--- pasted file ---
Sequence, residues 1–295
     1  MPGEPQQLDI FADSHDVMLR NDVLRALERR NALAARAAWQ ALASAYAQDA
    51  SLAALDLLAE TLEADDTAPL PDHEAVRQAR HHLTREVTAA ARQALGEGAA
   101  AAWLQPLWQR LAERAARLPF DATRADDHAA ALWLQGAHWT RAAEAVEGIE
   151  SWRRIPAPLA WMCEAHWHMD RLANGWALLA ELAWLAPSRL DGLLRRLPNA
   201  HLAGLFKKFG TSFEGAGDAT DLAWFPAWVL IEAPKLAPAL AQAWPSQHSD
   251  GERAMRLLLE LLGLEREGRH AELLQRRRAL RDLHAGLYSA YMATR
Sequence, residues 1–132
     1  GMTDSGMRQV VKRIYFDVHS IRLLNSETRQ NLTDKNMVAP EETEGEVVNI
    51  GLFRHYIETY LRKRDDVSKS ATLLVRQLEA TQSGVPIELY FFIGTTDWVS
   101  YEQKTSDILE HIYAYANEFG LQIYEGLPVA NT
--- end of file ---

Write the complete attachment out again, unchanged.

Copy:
Sequence, residues 1–295
     1  MPGEPQQLDI FADSHDVMLR NDVLRALERR NALAARAAWQ ALASAYAQDA
    51  SLAALDLLAE TLEADDTAPL PDHEAVRQAR HHLTREVTAA ARQALGEGAA
   101  AAWLQPLWQR LAERAARLPF DATRADDHAA ALWLQGAHWT RAAEAVEGIE
   151  SWRRIPAPLA WMCEAHWHMD RLANGWALLA ELAWLAPSRL DGLLRRLPNA
   201  HLAGLFKKFG TSFEGAGDAT DLAWFPAWVL IEAPKLAPAL AQAWPSQHSD
   251  GERAMRLLLE LLGLEREGRH AELLQRRRAL RDLHAGLYSA YMATR
Sequence, residues 1–132
     1  GMTDSGMRQV VKRIYFDVHS IRLLNSETRQ NLTDKNMVAP EETEGEVVNI
    51  GLFRHYIETY LRKRDDVSKS ATLLVRQLEA TQSGVPIELY FFIGTTDWVS
   101  YEQKTSDILE HIYAYANEFG LQIYEGLPVA NT